Keji Kujjo at Refugee Center Online

Keji Kujjo ’16 Summer Experience story

I’ve been working with the Refugee Center Online since May. I ran into a job posting on idealist.org that said RCO wanted an intern to research best practices for online learning and assist with developing a teacher training class that focuses on refugee issues. I’m in the cross-cultural and international education master’s program — also known as MACIE — and my focus is on educational development and marginalized populations. Thus, this internship sounded irresistible and the perfect opportunity to work on curriculum development while learning more about refugee issues. So, I emailed my resume and cover letter. I didn’t really know if anything would come of it because they have thousands of job postings on the job board. But to my surprise I got an email and phone call inviting me for an interview. A few days after I interviewed, I was offered the internship position.

My family migrated to the United States when I was 14 years old and so refugee and immigration issues are very important to me. I foresee myself working with refugee and immigrant students in the future. With this internship, I not only get to be part of the planning committee but I’m still a student who is learning how to be a better educator. I think it’s crucial for future teachers and educators to know about the causes of forced migration, to understand the barriers students will experience upon arrival and throughout their time in the United States, and to have strategies for including refugee and immigrant students in and out of the classroom.

I really think this is one of the best internships I’ve ever done because I’m constantly learning. For example, I got to help create these country profile sheets that cover different places of origin for U.S. refugees and different ethnic groups. The profiles highlight language, what educational systems and backgrounds the refugees are coming from, issues of family and school engagement, as well as gender and culture. This was such an eye-opening project because for some of the profiles I had never heard of this country or that ethnic group. My brain was so excited to learn about all of these groups. I love challenges that open my eyes to new things.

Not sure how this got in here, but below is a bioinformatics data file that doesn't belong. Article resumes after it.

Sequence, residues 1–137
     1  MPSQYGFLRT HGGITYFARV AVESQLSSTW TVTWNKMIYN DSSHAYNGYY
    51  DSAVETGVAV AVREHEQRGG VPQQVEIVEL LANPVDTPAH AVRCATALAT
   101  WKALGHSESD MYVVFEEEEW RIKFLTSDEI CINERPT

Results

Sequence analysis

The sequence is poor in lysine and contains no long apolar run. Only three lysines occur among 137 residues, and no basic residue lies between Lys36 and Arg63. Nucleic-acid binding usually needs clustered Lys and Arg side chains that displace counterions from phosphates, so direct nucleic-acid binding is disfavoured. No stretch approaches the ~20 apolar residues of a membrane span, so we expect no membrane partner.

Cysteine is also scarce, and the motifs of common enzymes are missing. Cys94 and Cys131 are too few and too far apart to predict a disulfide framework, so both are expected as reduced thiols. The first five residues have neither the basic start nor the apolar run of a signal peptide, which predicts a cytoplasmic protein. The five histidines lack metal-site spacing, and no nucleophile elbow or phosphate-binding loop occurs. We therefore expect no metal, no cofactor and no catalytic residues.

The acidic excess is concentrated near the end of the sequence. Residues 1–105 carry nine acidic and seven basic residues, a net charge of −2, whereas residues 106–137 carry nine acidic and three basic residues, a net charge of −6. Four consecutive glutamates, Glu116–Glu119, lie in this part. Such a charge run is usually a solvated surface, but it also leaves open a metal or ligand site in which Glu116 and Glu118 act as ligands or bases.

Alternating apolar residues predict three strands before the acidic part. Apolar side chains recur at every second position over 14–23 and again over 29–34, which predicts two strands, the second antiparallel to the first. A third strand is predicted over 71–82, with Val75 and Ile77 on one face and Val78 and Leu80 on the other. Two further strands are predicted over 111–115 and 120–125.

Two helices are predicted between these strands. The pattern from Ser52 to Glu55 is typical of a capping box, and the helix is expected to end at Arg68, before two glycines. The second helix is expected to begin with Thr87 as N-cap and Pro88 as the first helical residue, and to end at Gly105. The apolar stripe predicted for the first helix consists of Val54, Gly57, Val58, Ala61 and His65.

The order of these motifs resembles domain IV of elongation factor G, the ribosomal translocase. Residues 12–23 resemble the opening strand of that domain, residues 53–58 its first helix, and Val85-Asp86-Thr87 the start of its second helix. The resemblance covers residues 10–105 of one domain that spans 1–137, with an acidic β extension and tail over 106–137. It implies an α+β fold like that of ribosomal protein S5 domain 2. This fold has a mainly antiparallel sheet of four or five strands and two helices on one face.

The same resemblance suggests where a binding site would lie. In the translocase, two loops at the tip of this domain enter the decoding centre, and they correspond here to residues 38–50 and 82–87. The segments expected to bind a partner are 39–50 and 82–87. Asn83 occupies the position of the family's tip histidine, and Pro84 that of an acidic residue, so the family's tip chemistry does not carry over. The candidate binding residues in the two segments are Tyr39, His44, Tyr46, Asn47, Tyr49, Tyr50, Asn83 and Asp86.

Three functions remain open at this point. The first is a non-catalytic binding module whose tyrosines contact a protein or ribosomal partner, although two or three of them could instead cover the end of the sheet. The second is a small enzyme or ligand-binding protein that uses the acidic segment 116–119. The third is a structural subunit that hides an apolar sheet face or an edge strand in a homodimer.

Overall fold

I also got to join several MOOC classes to check out how other people are making their online classes interactive. My favorite part was researching case studies, developing writing assignments and tests or quizzes for future students. RCO ended up asking me to be the instructor for the course and offered me an opportunity to be a full-time employee, which is an honor, but because I still have one more semester I couldn’t accept the offer. Portland State University is interested in taking on the class and offering it to its graduate and continuing education students, which makes me so happy. Our work is going to prepare educators to work with refugees. It’s really amazing to think back to when I saw the job posting on idealist.org and thought, “Why not apply?” I never expected this.